(830) 997-3567 info@systemsgo.org

High school students load their rocket on the rail at White Sands Missile Range in June. The Goddard-level launches challenge teams to design and build a rocket that can loft a payload 80,000 to 100,000 feet. Three Texas high schools made the attempt this year. Photo Credit: White Sands Missile Range Public Affairs

July 15, 2021–Three Texas high schools participating in the highest level of the SystemsGo rocketry program have returned from the U.S. Army’s White Sands Missile Range after launching rockets they designed and built. Vehicles from all three schools were able to leave the launch rail during the June 26 launch day.

After having to cancel the 2020 launches due to COVID restrictions, Scott Netherland, Executive Director of SystemsGo, was pleased schools were able to “be back in the launch business.”

“The three teams that designed and built their own rockets all achieved some level of success despite the challenges of getting together during the past school year,” Netherland said. “And, we deeply appreciate WSMR’s continued support of the SystemsGo program and for giving our students the opportunity to test their rockets.”

Schools making the attempt were Alamo Heights High School, teacher Colin Lang; Brazoswood High School, teacher Chris McLeod; and Union Grove High School, teacher Greg Park.

Brazoswood High School

Brazoswood High School was first to get off the rail, launching at 8:15 am Mountain Time.

“It was a beautiful launch and potentially a new altitude record for this program,” Netherland said. “Unfortunately, the WSMR radar did not capture altitude or tracking data on this rocket. We are hopeful to still recover the rocket’s nosecone containing the altimeter and to recover altitude data from the flight.”

Alamo Heights High School

Next up was Alamo Heights. After some repairs to their oxidizer fill system, the rocket was launched at 11:32 am. However, the nozzle section blew apart on ignition leaving the rocket to depart the rail propelled by the force of the 800 psi of pressure released by the oxidizer tank. Once clear of the rail, the rocket rolled over and landed approximately 100 feet away from the launch pad.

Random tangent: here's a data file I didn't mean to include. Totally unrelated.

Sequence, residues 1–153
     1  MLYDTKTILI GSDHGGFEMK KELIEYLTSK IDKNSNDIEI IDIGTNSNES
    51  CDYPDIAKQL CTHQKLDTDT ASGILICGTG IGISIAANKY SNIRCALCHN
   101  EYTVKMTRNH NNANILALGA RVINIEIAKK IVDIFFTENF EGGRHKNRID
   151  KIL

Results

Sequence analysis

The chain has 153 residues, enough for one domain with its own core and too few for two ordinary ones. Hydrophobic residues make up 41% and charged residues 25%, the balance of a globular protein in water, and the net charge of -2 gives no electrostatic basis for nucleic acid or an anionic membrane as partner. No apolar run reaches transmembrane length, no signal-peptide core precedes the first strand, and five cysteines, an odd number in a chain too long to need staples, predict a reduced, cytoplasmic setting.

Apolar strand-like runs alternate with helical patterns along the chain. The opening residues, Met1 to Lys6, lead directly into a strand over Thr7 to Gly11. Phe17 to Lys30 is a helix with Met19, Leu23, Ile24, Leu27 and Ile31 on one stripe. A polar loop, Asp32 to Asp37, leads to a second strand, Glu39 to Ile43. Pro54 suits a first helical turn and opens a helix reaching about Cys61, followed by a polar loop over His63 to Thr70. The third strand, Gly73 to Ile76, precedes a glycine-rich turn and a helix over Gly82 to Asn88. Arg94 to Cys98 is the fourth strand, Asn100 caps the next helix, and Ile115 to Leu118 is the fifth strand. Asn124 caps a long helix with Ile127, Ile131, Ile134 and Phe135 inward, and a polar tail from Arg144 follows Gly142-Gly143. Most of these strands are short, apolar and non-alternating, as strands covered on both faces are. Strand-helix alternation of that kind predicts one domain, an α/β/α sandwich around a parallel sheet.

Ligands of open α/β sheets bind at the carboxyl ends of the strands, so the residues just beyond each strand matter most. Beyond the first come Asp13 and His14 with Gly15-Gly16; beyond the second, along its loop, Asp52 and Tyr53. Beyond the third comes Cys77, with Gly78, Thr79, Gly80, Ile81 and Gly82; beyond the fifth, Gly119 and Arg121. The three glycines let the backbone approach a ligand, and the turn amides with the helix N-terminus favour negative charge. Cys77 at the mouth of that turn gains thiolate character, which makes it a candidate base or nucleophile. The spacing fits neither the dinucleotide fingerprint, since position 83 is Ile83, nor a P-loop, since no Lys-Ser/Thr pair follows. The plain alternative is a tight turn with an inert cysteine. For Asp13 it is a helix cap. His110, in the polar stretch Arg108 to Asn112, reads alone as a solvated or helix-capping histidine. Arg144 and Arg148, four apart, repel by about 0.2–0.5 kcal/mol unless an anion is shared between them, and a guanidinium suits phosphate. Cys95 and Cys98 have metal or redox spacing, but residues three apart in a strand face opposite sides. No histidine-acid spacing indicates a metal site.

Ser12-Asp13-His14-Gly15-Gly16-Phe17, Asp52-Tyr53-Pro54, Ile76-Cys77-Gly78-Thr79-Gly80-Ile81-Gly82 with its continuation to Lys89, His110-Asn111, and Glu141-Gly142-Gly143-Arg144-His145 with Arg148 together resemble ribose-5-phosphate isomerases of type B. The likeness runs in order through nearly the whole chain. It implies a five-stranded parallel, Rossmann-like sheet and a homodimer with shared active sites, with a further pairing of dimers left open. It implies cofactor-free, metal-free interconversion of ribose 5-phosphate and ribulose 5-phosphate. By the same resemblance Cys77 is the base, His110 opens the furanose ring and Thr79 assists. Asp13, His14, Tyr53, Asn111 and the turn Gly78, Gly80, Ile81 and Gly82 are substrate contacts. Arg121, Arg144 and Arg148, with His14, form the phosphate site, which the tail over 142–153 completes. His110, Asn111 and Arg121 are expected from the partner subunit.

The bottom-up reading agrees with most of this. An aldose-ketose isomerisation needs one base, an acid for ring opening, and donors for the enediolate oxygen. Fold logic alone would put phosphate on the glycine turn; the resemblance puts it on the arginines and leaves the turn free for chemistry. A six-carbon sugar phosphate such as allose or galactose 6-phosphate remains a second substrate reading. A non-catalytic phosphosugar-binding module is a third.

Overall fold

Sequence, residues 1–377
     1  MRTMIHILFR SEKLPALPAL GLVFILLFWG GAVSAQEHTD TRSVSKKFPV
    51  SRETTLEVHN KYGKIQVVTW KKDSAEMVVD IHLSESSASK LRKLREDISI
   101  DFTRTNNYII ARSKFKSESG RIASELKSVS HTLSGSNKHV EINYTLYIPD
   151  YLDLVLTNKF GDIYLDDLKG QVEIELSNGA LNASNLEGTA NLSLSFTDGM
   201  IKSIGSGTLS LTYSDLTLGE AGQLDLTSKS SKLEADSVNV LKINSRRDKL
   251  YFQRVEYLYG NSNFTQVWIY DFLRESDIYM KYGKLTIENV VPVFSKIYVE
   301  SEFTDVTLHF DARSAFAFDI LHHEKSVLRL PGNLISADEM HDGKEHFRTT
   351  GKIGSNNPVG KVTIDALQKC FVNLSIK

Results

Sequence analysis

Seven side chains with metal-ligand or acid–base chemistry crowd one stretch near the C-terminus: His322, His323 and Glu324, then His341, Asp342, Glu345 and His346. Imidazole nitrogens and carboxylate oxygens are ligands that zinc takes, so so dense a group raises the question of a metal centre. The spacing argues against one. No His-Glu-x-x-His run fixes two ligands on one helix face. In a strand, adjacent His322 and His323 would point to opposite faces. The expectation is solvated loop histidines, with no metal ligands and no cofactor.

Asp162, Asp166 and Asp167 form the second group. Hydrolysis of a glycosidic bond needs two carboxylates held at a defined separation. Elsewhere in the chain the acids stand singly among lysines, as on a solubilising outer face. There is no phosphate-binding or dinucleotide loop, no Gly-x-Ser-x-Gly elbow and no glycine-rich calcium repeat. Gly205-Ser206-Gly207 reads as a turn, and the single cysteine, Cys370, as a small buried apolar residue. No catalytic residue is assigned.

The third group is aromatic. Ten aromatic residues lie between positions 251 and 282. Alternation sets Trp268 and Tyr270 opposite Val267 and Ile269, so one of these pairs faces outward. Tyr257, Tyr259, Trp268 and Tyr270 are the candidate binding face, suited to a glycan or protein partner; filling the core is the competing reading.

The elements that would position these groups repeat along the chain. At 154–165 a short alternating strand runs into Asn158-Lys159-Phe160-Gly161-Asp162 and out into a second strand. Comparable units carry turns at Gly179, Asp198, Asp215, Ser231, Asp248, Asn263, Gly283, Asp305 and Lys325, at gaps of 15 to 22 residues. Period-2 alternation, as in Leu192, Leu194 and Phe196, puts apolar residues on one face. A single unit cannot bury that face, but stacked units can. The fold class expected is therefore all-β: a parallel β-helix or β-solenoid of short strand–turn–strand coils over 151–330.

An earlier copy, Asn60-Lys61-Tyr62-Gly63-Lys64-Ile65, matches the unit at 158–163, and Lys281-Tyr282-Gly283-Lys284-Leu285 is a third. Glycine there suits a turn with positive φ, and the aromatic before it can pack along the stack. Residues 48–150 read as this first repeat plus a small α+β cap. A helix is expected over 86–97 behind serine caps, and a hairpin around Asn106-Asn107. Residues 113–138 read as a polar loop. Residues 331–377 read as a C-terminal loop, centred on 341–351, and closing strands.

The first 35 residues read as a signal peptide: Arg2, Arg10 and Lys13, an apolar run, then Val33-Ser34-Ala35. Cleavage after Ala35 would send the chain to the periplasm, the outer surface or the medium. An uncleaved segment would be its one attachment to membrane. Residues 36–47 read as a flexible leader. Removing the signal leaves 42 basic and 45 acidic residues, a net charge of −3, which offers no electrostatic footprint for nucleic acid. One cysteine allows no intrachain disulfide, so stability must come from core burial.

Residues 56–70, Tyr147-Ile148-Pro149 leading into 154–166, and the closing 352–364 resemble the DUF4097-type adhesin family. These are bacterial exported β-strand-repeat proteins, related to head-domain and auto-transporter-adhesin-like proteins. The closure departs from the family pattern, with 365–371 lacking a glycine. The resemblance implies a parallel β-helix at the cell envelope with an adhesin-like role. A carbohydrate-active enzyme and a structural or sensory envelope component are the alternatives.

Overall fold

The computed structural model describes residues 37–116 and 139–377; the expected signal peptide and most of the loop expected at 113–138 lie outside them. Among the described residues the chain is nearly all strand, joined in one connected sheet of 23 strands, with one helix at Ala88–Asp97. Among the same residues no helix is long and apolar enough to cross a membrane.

Union Grove High School

Union Grove made the final attempt of the day. They were able to launch their rocket at 2:20 pm. They had a great ignition, but much of their fuel grain blew out the nozzle limiting its altitude attained.  It reached 3541 feet before rolling over and hitting the desert floor.

Both Brazoswood and Union Grove earned the Newton Award. This banner recognizes the class for building and launching a vehicle at White Sands Missile Range that achieves an apogee of 0-25,000 feet with ignition, minimum 5-lb payload, and a recovery system.

SystemsGo has been utilizing the resources of the U.S. Army testing range for 22 years. Netherland is optimistic the relationship will continue. It is a unique partnership between the U.S. Army and the SystemsGo program and the high schools that offer the curriculum.

“Given the positive response we got from the new Commanding General, Brigadier General Eric Little, we are optimistic about continued support from WSMR in the immediate future,” Netherland said. “We will continue to pursue sources of funding to reimburse WSMR for its logistic support. It is vital that we continue to offer this opportunity to high school students in a growing number of schools in Texas and other states.”

SystemsGo is the Fredericksburg-based nonprofit STEM (Science, Technology, Engineering, Math) curriculum that uses the Socratic teaching method and inquisitive learning based on a problem and project-based model to invoke and stimulate skills in design, development, testing, analysis, and innovation. Currently, students from more than 60 participating high schools across four states design, build, and launch rockets designed and built to achieve one of three different design goals: loft one-pound one mile high; achieve the speed of sound; or attempt to reach altitudes in excess of 80,000 feet at WSMR.

More information on SystemsGo, including how to start a program, is at www.systemsgo.org.